The Elevator Pitch in the Composition and Literature Classroom 

During the spring semester, I taught three freshman composition courses, and even though each course was a little different, I had all three do a proposal essay as one of their paper assignments. I have done this type of assignment before, and typically it’s been hit or miss with how well students do with writing their proposals. For the most part, I tell them to think about a local issue that they would like to propose a solution to, usually something either at the community or university level that affects them on a daily basis. These, I have found, produce the best results.

Today, though, I want ti briefly tell you about an assignment that I tried for the first time this past semester. When working on their proposals, I had students create an elevator pitchon their overall proposal, telling them that the pitch must contain the problem and the proposed solution. It turned out that this assignment was one of the most useful assignments of the semester for the students because it made them think about their arguments in a way that they had not, to that point, thought about them. Specifically, it made them slow down and think through their argument for their proposals. After doing this for the proposal essay, I am thinking about having students do something similar for most of my essay prompts.

An elevator pitch, quite simply, is a 60-90 second presentation (the length of an elevator ride) to someone who does not know your argument or proposal. Within that 60-90 second timespan, you must connect with the person you are speaking to and relate to that person why your argument or proposal matters. The elevator pitch, while presenting your argument, also works to help you establish credibility with an audience, selling yourself just as much as selling your idea. Through this, and because of the short length of time, the elevator pitch must be concise and to the point because nine times out of ten the listener will not remember the details of your pitch but he or she will remember you and the impression you made.

The text book I used last semester, Writing Today, presents seven key points to the elevator pitch.

  1. Introduce yourself and establish your credibility
  2. Grab them with a good story
  3. Present your big idea in one sentence
  4. Give them your best two or three reasons for doing it
  5. Mention something that distinguishes you and your idea from the others
  6. Offer a brief cost-benefits analysis
  7. Make sure they remember you (Writing Today 224)

It must be noted that the book provides the genre when talking about the proposal essay. Below, I will discuss ways that this can be tailored to other essay assignments as well. After wathcing a video of example elevator pitches and discussing  how each met or did not meet the criteria above, I provided students with the following prompt. They had to complete this assignment for homework, typically over a weekend.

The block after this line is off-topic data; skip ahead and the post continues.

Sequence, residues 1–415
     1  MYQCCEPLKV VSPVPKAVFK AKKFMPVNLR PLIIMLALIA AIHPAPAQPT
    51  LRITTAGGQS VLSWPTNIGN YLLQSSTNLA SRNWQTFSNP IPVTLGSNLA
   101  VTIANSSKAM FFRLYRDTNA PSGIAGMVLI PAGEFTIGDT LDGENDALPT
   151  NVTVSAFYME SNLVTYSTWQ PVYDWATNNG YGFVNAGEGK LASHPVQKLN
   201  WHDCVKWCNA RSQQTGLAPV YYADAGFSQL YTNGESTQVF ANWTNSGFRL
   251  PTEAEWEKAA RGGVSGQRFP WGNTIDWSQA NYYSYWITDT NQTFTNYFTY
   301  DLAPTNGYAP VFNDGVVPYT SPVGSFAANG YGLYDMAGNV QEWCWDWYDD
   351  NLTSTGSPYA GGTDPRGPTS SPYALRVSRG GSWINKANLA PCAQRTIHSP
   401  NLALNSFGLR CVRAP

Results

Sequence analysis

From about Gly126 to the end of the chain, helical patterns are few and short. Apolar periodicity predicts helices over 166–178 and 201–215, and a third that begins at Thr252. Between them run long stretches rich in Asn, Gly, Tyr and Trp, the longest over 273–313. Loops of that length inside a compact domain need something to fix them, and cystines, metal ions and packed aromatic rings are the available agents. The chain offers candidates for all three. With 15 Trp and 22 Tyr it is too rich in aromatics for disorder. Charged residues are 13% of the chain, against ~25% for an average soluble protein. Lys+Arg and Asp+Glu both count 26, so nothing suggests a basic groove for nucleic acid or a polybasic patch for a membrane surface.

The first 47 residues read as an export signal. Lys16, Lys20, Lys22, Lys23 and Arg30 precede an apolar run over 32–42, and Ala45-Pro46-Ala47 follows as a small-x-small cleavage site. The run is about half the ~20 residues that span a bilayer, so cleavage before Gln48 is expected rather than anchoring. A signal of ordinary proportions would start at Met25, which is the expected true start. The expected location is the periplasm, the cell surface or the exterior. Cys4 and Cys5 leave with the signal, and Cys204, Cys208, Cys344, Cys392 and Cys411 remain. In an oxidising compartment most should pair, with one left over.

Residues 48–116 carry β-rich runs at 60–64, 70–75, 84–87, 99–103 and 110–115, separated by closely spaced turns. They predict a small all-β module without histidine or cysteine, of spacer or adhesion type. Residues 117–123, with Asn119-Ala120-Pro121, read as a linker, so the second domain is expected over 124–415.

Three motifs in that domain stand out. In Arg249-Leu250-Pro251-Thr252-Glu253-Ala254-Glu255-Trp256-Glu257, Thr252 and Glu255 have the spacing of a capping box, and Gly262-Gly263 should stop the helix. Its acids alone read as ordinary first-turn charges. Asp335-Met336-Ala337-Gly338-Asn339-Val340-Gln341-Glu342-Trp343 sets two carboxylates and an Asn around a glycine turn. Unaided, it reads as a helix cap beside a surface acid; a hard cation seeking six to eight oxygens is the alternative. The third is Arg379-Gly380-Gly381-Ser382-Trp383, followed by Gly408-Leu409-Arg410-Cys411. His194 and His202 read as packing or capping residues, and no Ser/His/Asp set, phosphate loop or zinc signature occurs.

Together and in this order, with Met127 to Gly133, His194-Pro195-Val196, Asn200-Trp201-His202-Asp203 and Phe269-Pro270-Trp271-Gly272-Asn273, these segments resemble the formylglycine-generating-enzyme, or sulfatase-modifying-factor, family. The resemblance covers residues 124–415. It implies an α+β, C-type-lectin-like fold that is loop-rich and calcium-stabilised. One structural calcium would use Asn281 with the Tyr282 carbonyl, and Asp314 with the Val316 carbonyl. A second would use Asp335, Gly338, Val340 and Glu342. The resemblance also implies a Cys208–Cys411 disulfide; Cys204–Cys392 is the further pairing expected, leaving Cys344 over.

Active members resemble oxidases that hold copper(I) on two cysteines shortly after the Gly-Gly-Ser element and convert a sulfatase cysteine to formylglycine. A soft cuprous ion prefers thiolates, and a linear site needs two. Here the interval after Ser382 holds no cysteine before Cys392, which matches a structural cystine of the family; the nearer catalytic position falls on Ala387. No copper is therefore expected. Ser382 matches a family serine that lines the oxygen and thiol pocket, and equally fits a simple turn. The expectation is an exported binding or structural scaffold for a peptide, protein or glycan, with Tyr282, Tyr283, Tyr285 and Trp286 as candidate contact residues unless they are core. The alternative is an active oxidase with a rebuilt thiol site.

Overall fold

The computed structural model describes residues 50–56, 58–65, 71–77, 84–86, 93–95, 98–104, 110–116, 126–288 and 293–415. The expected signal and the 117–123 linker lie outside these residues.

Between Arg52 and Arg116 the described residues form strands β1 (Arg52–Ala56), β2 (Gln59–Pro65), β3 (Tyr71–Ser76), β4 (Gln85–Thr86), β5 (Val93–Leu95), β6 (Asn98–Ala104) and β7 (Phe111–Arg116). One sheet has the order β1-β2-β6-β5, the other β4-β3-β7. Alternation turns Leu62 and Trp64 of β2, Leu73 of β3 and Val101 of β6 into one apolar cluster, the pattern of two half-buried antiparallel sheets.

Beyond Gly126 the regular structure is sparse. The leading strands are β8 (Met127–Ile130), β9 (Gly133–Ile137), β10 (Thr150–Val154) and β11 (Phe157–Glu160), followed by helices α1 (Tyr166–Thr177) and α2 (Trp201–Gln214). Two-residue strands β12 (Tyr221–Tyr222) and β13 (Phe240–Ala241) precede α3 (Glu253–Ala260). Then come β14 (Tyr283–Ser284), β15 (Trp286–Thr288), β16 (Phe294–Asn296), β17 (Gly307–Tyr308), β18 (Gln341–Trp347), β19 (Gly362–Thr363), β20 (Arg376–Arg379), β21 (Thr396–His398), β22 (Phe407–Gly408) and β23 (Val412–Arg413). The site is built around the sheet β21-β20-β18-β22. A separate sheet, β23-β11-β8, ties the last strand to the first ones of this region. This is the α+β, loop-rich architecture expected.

Here, post your elevator pitch for your proposal. Post it as a video. Use your phone, webcam, or other device to record your pitch and upload it here. The pitch must be 60-90 seconds long. Write the pitch out and use it as a script. I am looking for three things in your pitch.

  • Identify the problem
  • Why should we care about the problem
  • What is your proposed solution

Along with these points, think about giving an example of the problem and possible background on it. For an example, look at page 225 in Writing Today. As well, look at this website for some tips. 

You may post either a video or audio file with your script. You must post both.

At first, students were very unsure about the assignment. They expressed apprehension and nervousness about recording themselves. I told them that I would be the only one listening or viewing the pitches, unless I asked their permission to share them in class. That is part of the reason I had them write scripts as well.

imageAfter they completed the assignment, I asked the students about their experiences, and their responses were very telling. Most told me that they recorded and rerecorded their pitches numerous times, either because they messed up or because they noticed, more importantly, flaws in their argument. Having students write, and partly read from, a script, made them think about the words they chose and how they organized their argument. Most said that reading the script made them realize where their arguments didn’t possibly make sense because they had to audibly say what they had written. For most of them, they appreciated this aspect of the assignment. While it was not a shock to hear students say this, I was very excited that they picked up on this aspect of the assignment and realized the importance of working on the clarity of  their arguments.

Next semester, I am thinking about doing a similar assignment for my essay assignments in my composition classrooms. The criteria for each elevator pitch will change slightly, but each one will require the students to state, in one to two sentences, their individual arguments. As well, they will provide two to three sentences describing their supporting points. This type of prompt would work in the literature classroom as well. I will let you know, after I do this in the classroom, how it goes.

Have you used elevator pitches in your classroom? If so, how has your experience been? As usual, let me know in the comments below.

Johnson-Sheehan, Richard and Charles Paine. Writing Today. 3rd Edition. Boston: Pearson, 2016.

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